A bit over a year ago, I discussed on this blog a petition that we filed in the Virginia Supreme Court seeking to set aside a preliminary injunction issued by a state trial judge in a defamation suit filed by a Maryland contractor, Christopher Dietz, against a Virginia woman, Jane Perez, who had posted reviews on Yelp and Angie's List complaining about the contractor's shoddy work as well as the disappearance of some jewelry from her home while his staff had keys to the condo. We argued that such an injunction was a prior restraint that was necessarily entered on less than a full record, and the determination of whether any relief was appropriate should await a full trial before a jury of their peers. The Virginia Supreme Court reversed, almost by return mail.
That trial was held this past week, both on Dietz's suit against Perez and Perez's own counterclaims for the damages he caused her. Perez was represented by a pro bono lawyer, the redoubtable Raymond Battocchi. Dietz spent what I am told was "a lot of money" on a succession of private attorneys. The upshot after five days of trial was a split decision -- the jury decided that each side had defamed the other, but decided to award no damages to either.
At one level, consumers may take this as something of a vindication of their right to criticize businesses, although they might be wise to make sure they have libel coverage in their homeowners' policies in case they are not as luck as Perez was to find a public-spirited lawyer willing to defend them without charge. But one can also see the jury decision as having told the parties, a pox on both your houses. It could be, in that sense, a reminder that just because someone has said something you don't like about them, and even if what they said is in some way a bit false, that does NOT mean it makes any sense to run to court and ask judges and juries to spend their time worrying about your dispute.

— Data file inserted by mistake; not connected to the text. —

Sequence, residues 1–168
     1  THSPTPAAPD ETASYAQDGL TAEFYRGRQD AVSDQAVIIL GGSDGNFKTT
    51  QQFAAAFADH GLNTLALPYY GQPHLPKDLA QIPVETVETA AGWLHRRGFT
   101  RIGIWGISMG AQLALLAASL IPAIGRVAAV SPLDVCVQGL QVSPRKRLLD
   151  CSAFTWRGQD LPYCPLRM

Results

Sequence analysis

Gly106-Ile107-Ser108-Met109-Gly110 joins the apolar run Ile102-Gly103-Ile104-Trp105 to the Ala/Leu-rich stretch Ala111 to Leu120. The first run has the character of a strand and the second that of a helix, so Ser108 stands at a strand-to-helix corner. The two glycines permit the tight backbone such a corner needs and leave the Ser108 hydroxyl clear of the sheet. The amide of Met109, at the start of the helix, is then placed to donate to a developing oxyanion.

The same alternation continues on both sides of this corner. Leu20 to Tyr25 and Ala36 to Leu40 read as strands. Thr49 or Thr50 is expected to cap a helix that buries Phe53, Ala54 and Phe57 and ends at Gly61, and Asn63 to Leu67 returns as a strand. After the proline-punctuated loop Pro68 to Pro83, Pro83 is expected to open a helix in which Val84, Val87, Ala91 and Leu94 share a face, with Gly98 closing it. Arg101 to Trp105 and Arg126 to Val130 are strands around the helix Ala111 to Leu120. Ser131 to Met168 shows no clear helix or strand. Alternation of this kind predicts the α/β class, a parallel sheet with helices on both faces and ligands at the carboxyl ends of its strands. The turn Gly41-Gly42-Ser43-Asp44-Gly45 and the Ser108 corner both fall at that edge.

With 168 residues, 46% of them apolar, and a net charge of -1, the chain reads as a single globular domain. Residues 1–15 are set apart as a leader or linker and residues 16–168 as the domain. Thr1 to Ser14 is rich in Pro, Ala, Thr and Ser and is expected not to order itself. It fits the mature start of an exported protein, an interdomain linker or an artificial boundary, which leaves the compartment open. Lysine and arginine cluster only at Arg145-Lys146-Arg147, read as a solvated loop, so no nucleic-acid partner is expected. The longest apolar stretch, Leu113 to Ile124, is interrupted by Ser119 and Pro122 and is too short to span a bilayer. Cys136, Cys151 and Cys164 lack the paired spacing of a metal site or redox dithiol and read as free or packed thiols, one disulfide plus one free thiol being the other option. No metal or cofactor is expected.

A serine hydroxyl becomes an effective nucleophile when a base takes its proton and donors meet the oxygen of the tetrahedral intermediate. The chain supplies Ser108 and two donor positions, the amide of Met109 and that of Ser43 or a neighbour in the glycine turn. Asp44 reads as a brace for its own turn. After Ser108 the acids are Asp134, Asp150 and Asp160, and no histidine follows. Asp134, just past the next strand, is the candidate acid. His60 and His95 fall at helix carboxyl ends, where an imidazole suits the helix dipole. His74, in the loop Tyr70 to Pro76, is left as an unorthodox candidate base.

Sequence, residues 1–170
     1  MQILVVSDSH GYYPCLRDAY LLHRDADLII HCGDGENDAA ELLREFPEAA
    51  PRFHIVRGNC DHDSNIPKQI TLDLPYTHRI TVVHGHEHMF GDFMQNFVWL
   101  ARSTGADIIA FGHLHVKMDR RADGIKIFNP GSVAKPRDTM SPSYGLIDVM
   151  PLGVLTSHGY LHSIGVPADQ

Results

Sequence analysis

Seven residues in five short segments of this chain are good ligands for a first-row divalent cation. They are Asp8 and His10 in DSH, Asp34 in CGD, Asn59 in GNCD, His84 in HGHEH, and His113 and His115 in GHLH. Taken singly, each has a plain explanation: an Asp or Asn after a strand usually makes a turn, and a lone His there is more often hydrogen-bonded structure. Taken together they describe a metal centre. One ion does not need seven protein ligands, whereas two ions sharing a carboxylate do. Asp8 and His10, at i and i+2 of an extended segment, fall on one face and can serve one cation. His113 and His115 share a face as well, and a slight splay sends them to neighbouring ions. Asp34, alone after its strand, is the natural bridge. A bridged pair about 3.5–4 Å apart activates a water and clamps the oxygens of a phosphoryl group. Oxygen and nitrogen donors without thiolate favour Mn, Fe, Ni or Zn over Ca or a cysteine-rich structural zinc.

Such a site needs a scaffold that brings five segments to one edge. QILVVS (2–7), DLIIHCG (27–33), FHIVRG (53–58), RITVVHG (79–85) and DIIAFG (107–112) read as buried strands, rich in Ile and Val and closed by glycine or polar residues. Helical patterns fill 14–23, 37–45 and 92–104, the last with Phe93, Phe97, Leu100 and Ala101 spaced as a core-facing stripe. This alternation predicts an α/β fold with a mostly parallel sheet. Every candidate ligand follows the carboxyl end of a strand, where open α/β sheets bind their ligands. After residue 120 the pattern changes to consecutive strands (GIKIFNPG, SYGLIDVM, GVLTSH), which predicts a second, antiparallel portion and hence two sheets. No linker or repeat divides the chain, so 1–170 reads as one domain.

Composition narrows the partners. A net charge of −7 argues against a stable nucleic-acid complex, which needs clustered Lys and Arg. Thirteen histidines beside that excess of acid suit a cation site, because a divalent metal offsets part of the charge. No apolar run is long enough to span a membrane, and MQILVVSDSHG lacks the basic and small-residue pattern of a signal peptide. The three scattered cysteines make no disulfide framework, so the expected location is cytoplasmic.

Indeed, the coverage in Remodeling, which covered the case intensely becuase of its significance for contractors, includes this interesting reference to Dietz' statements about the case: "Dietz said he lost five to 10 proposals worth an estimated $500,000 because of Perez's reviews, and that his business suffered as a result of visibility of the case and the subsequent appeal to the Virginia Supreme Court." It would be interesting to learn whether it was the reviews themselves, or the publicity given to the fact that this is a contractor who sued a customer, not to speak of the self-created amplification of Perez' review on his work, that had the greater impact on his business.